Scott founded his online education start-up Section4 in 2019. Then, in 2021, he raised $30M in the Series A round, for total funding of $37M.
Scott Galloway in The...Present
Currently, Scott has turned his attention to education, on multiple levels.
He teaches brand management and digital marketing to second-year MBA students, with most of his research focusing on the "Big Four". From the analysis of their rapacity, their economic models, and their drastic ambition, he wrote specifically about how they've caused wider, as well as more personal and intimate, social and economic change.
Scott has also retained a media presence, on his own terms, using his Prof G Show and Pivot (which features co-host Kara Swisher) podcasts to delve into topics on business, money, and tech. Plus, last year, CNN announced that he would be a host on its CNN+ streaming platform.
Scott also donates 100% of his NYU salary back to the university. On top of this, he donated $4.4M to Berkeley for immigrant student fellowships, as well as similar amounts to UCLA and NYU. He has previously called for taxing endowments of universities whose enrolment growth is not in proportion to population growth. He has suggested exclusivity makes universities a 'luxury brand', and not a public service. Being a self-proclaimed "unremarkable child of immigrant parents", he has said the goal of universities should be to educate not just the exceptional students, but also the unremarkable.
Scott Galloway in The...Future
Well, fun fact: Scott due to make an 'appearance' on the 2022 series WeCrashed, played by actor Kelly AuCoin. The series plots the rise and fall of WeWork, and I personally hope AuCoin does a soliloquy reading out the entire WeWork piece on Scott's site.
In February 2022, Scott decided to end the publishing of his podcast "The Prof G Show", due to his withdrawn support for Spotify. He attributed the decision for Spotify to allow unchecked vaccine misinformation on the platform:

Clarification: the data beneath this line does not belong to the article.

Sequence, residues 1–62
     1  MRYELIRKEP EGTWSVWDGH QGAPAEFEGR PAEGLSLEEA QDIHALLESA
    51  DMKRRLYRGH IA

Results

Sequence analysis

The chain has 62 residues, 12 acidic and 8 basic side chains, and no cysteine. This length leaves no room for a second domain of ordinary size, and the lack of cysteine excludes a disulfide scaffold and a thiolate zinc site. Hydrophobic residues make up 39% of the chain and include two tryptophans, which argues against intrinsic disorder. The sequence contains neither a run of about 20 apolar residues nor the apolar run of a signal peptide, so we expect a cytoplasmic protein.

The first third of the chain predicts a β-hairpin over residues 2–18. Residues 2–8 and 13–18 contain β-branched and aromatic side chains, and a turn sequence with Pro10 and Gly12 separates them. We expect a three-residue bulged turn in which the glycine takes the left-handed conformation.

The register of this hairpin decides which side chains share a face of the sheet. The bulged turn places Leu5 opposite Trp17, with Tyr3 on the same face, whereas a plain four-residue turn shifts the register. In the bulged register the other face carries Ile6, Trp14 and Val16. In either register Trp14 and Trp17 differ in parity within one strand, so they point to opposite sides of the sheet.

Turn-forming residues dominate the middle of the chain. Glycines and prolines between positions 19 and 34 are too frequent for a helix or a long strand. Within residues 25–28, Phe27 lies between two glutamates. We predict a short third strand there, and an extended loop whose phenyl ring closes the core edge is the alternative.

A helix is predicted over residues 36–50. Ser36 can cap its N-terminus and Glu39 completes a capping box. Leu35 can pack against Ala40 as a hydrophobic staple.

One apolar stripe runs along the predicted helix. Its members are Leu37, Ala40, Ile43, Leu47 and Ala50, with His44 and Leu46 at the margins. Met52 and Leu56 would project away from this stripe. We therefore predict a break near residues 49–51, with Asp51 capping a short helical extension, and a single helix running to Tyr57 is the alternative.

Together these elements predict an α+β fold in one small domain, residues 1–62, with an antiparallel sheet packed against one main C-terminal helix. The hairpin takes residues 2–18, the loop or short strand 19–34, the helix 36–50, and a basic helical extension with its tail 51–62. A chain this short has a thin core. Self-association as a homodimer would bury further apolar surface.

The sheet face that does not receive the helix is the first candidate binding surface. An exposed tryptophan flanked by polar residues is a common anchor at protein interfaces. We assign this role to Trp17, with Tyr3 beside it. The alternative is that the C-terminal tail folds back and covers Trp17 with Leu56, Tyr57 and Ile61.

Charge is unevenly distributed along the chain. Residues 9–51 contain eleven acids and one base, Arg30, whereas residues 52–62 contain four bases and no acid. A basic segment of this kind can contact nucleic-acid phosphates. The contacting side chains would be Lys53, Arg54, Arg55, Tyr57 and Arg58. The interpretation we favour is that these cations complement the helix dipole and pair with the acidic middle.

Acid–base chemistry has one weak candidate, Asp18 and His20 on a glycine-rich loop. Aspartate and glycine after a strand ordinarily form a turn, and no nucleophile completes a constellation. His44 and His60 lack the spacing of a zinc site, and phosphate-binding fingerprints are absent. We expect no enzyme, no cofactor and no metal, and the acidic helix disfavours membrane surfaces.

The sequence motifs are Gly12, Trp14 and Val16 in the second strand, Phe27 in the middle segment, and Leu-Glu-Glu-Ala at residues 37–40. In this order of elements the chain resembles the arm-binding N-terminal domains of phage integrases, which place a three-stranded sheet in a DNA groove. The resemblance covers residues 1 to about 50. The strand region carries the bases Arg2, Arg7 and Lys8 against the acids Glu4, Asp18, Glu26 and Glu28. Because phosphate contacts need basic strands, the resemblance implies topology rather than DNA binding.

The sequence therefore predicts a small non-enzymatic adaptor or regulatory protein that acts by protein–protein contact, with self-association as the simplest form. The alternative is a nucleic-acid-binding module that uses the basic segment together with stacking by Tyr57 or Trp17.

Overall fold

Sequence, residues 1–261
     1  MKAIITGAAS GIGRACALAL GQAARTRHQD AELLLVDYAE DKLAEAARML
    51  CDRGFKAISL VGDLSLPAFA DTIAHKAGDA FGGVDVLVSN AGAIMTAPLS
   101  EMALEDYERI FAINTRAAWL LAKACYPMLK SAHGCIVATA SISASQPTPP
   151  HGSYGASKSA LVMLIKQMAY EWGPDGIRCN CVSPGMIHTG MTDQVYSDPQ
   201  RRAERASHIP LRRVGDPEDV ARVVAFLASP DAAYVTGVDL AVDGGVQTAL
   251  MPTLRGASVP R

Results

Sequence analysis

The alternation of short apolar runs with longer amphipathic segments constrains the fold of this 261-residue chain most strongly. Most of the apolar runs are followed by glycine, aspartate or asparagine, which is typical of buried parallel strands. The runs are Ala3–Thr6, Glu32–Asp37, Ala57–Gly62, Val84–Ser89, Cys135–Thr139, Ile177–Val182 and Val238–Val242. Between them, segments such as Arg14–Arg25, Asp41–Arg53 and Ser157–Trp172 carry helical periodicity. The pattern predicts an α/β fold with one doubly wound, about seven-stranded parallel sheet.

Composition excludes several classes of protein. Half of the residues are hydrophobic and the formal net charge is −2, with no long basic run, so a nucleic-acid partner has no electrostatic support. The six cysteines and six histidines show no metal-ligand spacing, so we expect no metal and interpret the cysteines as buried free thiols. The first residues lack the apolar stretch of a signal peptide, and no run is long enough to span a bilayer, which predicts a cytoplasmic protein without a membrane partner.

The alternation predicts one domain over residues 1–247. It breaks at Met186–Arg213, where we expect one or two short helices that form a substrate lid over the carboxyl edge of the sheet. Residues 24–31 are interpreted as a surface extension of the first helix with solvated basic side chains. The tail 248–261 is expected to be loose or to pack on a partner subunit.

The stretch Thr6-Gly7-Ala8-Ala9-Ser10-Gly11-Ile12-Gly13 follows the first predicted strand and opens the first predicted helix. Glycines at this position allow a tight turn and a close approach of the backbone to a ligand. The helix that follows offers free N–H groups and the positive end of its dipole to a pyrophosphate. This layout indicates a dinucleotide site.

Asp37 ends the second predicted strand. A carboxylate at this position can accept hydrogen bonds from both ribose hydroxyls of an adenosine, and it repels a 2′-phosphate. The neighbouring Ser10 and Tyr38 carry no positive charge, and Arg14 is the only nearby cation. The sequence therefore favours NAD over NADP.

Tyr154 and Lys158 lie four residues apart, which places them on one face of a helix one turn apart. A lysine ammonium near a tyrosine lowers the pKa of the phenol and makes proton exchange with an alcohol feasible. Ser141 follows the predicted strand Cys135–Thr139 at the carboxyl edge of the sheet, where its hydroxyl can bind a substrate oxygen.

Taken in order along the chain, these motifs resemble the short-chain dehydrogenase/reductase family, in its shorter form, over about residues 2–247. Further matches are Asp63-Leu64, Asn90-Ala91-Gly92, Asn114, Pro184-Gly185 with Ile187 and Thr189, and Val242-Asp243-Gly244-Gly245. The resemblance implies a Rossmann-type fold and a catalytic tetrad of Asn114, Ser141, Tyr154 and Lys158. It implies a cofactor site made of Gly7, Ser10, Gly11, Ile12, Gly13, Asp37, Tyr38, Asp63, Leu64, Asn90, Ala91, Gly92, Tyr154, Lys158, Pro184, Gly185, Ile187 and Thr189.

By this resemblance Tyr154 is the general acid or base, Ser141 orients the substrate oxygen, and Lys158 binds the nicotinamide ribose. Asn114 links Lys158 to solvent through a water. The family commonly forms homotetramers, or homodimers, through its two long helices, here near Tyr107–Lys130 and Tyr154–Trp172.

"Hi everyone, Scott here. I wanted to let you know that we've decided to take our show, Prof. G., down from Spotify for the time being due to the unchecked vaccine misinformation being published by the platform. You can find our show on Apple podcast, Google podcasts, or pretty much any other podcast platform. We'll see you there."
So, on top of this, his focus seems to be drawn towards Section4. It's clear that the excesses and decisions of the higher education industry have caught his eye in the last few years, so it's no surprise he has been ramping up the company's activity.
The idea of the business is to condense semester-long business school courses into several week-long online intensives, costing upwards of $750 and led by top professors.
He has recently criticised universities for choosing profit over safety in resuming in-person learning, analysed schools he believes are likely to fail and predicted top schools such as MIT will partner with Big Tech companies to develop new forms of credentials.
However, he notes that currently, NYU does not see Section4 as competitive.
“The words I would use is they’re just very supportive. Keep in mind, I gave NYU stock in L2, which worked out really well for them.”
When talking about why the start-up climate, and everything-else climate, suggested creating a new business was a particularly risky move, he examined himself, asking:
“Why did I do it?” referring to Section4.
“I have a desperate need for relevance, and I am worried that if I don’t stay mentally engaged, I’m gonna die.”